The thoughts and prayers of the people and clergy of the Archdiocese of Cardiff are with the victims of these attacks, their families, and the French people.
The Cornerstone project has been awarded a second round grant totaling £1,206,000 by the Heritage Lottery Fund (HLF) allowing it to continue with plans to restore and revive Ebeneser Chapel at the heart of Cardiff city centre.
Thanks to National Lottery funding, the now vacant Grade II listed building on Charles Street will be turned into a community meeting place which will be a hub for heritage learning and local community activity, providing conference and event facilities. The refurbished chapel will also house a café, creating six full time jobs, with the project’s partner organisation, RNIB Cymru providing employment and training opportunities for the blind.
Jennifer Stewart, Head of Heritage Lottery Fund Wales, said: “This is a really exciting project that will bring an unused building not only back to life, but make it a central part of the local community. We’re thrilled to be able to award funding to a project with such a wide range of purposes and all thanks to players of the National Lottery. Without them, projects such as this just wouldn’t be possible. I can’t wait to see this chapel become an integral part of modern Cardiff just as it was in the past.”
Built in 1835, the chapel was originally named the Charles Street Congregational Church, but became known as Ebeneser in 1976 when a Welsh speaking congregation took on the building, playing a key part in Cardiff’s Welsh heritage. With the chapel once boasting a congregation of 250 Welsh speakers, this important part of its history will be captured in oral testimonies collected by students and volunteers. Once collected, the research findings will be displayed within the refurbished Cornerstone building, reflecting the building’s past within its new surroundings.
Representing early Gothic Revival, the chapel also has a rich architectural history. The exterior is built with stone work made from ballast carried on ships returning to Cardiff from the Middle East. There is also a stained glass window on the north wall which serves as a memorial to the fallen of the First World War.
Welcoming the grant announcement, Archbishop George Stack, said: “We are extremely grateful to the HLF for this significant grant and can’t wait to move ahead with the building restoration. Our hope is to bring this building back to life, creating a new community hub, whilst saving a prominent historic building at the heart of Cardiff, bringing its past and present together.”
The project expects to create a number of new jobs, providing a boost to the local economy, tieing it into the planned 2015/6 refurbishment of the Charles Street business zone. Cornerstone hopes to benefit from its close proximity to St David’s shopping centre, reaching a wider range of event organisers and visitors, including its partner organisations RNIB Cymru.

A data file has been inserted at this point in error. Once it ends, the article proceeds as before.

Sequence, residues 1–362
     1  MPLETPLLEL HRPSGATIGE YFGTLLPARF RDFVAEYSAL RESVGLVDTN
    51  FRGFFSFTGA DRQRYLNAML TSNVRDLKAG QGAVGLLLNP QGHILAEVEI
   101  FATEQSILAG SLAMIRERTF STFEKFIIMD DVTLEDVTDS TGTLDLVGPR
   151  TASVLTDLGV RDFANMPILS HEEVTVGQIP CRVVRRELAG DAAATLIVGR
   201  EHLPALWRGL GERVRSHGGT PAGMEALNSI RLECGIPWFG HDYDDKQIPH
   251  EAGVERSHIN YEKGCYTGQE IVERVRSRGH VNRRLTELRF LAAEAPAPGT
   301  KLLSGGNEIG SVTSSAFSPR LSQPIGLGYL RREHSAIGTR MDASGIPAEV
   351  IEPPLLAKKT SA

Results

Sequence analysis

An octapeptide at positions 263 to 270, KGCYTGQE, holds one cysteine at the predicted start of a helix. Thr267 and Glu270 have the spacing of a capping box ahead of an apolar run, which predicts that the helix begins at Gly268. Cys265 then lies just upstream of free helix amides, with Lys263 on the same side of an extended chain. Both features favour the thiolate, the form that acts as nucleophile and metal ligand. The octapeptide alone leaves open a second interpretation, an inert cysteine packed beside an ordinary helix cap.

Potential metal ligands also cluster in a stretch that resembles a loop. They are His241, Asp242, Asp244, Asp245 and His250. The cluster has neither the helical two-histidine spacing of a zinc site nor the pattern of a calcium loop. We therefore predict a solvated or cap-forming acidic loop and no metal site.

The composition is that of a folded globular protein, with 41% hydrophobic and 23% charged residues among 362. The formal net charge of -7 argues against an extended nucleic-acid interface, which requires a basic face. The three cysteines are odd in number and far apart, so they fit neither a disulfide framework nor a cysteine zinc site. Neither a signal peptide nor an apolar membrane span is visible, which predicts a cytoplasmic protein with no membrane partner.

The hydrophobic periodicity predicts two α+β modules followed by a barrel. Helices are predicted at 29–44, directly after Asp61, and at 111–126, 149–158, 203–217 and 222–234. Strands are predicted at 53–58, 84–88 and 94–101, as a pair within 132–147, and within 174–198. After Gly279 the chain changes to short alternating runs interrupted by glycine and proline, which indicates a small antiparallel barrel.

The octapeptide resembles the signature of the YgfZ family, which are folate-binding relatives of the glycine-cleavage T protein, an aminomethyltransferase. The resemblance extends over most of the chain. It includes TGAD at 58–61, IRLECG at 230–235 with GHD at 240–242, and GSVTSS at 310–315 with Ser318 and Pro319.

RNIB Cymru’s Director Ceri Jackson sees the project as an exciting opportunity, saying: “The chapel will provide a unique chance for people with sight loss to enjoy activities they are often excluded from. We are planning to build a sensory garden and work in partnership to offer apprenticeships and training on site.”
Plans for the Cornerstone include:
Restoration of the chapel’s historic fabric and sensitive conversion for community use. The lower ground floor of the building will be transformed into a café and kitchen with the upper ground level adapted for use as a conference/wedding facility. At the rear of the chapel is a substantial hall which will be retained for community use.
A commercial tenant will oversee the café and catering operation in conjunction with the RNIB Cymru and the intention is to create six full time jobs and twenty part time ones. The RNIB will also use the building to provide employment and training in the blind gardening facility planned and the proposed outside space for guide dogs.
Cardiff University wishes to utilise the cafe area as a dedicated meeting space for international students which should provide a new dynamic for the building.
A bilingual oral history project which aims to capture the recollections of those who attended the Ebeneser Chapel. The chapel once boasted a congregation of 250 Welsh speakers and applicant hopes to collect the oral testimonies related to these people. Students and volunteers are expected to compile these oral histories and the completed recording will be made available within the newly refurbished building as well as being available on the website and also stored on an open source platform.